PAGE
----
Garfield’s Right | Henry C.

I hate Mondays. It’s always the worst waking up early in the morning for class, especially when one gets used to sleeping in over the weekend. You never appreciate what you have until its gone, and I would have given just about anything for another hour of sleep. I was so exhausted this morning that after dragging myself out of bed, I didn’t fully open my eyes until half an hour later during breakfast. It was a rough start to say the least. 

However, as much as I dislike waking up early, the SSP Class Activity session always has a way of cheering me up. This was the fourth week of SSP and, lucky us, Dr. Hall predicted it would be the most difficult and most intense week of SSP. My team began the day working on the on the procedure for running a steady-state assay for natural polypeptides to test our hypothesis and identify which substrate our protein has the highest affinity and specificity for. In this procedure, my team had to utilize our knowledge of steady state kinetics (and a bit of guessing) to identify substrate concentration and enzyme concentration. All in all it was a great way to start the morning with a challenging activity that required elaborate discussion and adaptability to stimulate the mind and remove that weekend numbness.

After this our Class Activity Session was not over, and Dr. Hall ran through some big picture objectives for our research paper, showing us how to properly create the Results and Methods portion of a JBC paper. He assigned each team a portion of the project to create a method and figure for, and then reviewed some with us after. Our first draft was quite a mess, but with suggestions from Dr. Hall we made notes as to what we had to correct and planned out an outline for the figures and tables in our actual final report.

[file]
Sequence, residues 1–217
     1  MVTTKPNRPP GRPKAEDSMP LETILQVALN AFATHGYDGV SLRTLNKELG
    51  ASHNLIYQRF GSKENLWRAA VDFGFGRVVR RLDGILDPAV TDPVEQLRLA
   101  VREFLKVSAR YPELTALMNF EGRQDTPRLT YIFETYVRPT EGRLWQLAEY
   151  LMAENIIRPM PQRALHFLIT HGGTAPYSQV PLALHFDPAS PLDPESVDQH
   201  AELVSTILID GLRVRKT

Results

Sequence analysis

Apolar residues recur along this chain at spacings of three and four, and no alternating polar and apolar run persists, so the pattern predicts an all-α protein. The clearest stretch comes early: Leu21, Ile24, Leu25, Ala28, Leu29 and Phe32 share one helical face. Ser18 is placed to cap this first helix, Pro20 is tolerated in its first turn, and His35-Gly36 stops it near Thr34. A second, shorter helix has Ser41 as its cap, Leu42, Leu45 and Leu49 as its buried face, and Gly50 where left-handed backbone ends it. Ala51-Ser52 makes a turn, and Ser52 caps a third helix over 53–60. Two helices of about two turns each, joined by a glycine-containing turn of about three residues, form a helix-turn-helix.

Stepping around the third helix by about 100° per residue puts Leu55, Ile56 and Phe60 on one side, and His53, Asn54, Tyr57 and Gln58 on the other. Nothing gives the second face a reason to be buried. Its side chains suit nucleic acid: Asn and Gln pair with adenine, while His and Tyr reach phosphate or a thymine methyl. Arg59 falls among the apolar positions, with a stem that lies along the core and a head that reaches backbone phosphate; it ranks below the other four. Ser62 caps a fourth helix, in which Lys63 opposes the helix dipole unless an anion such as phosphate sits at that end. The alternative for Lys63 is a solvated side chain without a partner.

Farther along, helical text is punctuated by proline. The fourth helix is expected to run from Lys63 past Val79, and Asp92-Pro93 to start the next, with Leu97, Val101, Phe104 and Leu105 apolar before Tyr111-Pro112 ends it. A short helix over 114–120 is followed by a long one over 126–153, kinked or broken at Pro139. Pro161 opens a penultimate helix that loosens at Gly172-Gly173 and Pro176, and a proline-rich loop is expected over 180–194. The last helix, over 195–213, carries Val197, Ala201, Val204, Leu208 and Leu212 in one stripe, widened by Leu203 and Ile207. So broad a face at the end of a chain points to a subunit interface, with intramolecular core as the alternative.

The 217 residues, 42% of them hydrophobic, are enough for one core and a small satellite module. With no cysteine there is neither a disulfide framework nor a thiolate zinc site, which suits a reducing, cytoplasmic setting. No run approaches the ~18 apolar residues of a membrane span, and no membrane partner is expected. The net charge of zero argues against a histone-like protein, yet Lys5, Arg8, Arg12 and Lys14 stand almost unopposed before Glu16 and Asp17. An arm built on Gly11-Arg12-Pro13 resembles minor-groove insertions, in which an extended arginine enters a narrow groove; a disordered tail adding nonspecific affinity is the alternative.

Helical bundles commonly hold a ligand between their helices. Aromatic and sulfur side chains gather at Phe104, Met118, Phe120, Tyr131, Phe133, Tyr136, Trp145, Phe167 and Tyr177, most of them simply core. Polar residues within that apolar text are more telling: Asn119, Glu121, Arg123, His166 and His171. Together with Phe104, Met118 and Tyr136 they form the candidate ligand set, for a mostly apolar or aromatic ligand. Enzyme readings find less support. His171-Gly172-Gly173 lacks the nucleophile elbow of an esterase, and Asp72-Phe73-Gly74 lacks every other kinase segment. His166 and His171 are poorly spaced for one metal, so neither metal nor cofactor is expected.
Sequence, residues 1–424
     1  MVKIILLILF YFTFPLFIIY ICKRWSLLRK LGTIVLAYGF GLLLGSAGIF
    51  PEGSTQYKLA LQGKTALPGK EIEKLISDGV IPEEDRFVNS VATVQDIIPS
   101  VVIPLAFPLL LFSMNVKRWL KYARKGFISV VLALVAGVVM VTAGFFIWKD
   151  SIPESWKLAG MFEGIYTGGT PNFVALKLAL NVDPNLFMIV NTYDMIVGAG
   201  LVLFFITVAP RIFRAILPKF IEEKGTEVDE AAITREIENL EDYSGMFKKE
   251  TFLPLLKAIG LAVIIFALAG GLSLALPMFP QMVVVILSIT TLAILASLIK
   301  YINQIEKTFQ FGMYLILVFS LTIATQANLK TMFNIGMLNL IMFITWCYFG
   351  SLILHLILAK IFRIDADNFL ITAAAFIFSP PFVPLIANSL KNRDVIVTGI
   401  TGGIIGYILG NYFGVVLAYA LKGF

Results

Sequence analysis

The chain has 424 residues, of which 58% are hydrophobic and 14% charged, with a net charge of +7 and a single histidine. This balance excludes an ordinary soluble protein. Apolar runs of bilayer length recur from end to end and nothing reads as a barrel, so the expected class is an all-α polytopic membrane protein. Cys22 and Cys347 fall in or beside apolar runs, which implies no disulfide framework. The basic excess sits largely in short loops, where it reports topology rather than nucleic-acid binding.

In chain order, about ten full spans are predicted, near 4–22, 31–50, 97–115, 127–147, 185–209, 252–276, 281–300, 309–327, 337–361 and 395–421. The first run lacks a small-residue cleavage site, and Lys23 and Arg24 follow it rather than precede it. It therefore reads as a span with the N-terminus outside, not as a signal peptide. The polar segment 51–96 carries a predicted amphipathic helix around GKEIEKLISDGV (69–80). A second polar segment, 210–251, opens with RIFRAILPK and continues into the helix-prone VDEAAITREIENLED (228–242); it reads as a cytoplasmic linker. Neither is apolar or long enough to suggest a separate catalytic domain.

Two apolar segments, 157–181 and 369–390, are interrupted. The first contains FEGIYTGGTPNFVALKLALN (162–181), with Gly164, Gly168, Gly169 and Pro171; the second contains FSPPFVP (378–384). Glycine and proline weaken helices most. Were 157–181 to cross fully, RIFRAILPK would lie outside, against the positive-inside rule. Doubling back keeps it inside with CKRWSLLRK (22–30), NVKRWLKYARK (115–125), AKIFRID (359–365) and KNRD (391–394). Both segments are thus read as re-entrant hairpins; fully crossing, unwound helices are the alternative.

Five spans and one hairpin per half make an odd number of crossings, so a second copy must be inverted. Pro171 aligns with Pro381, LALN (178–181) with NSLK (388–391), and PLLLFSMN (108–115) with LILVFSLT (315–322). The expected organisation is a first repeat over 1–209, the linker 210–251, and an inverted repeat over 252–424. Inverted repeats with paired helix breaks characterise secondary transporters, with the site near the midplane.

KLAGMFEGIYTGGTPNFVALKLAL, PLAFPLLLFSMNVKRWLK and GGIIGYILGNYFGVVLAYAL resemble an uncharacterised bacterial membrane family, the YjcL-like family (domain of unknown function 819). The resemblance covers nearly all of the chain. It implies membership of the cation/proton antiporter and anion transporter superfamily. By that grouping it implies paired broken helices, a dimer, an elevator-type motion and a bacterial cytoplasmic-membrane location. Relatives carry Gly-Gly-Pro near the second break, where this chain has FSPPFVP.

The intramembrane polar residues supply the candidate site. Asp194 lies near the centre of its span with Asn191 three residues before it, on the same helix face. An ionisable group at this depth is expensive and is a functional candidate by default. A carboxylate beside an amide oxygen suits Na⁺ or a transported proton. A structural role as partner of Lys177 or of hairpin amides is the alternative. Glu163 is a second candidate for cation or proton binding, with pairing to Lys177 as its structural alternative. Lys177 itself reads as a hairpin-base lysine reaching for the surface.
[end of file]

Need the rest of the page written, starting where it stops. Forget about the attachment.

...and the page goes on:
For class activity today we saw Molly, one of the Purdue TAs, give her presentation. She described her varied experiences from trips around the world to China and Europe to her favorite classes and experience with research in college. She gave us an in-depth tour of what has been important to her throughout her life and really gave us SSP students a better understanding of who she is. In addition, within her topics she weaved lessons and common themes that she believed would help us along our educational path. I personally took many of the messages to heart and will remember them for the coming year. Her story was incredibly inspirational and truly shows the perseverance of human spirit and how things will work out if we give our best and push our limits. 

Monday continued with the TA block at 4, and it was one of the most intense we’ve had throughout this program. My group had to write the lab report for last week’s remaining activities, finish the class activity, and work on the second portion of this week’s project. We struggled through much of it, often confused and forced to go to the internet or to our notes. On one of the portions where we were especially lost, we collaborated with another team and compared our thought process to theirs. It was actually incredibly productive, and everyone contributed to a solution that was plausible and seemed like a step in the right direction. 

This day was one of the best days of SSP and truly represented what the it is meant to be. A program that presents difficult challenges that forced the students to struggle and think. An environment that creates confusing situations to improve collaboration and discussion, A community that supports its participants to challenge their limits, expand their understanding, and broaden their horizons. 

My day isn’t done though. Still plenty of lecture videos to watch, quizzes to take, and rough drafts to submit. Maybe I was wrong about Mondays.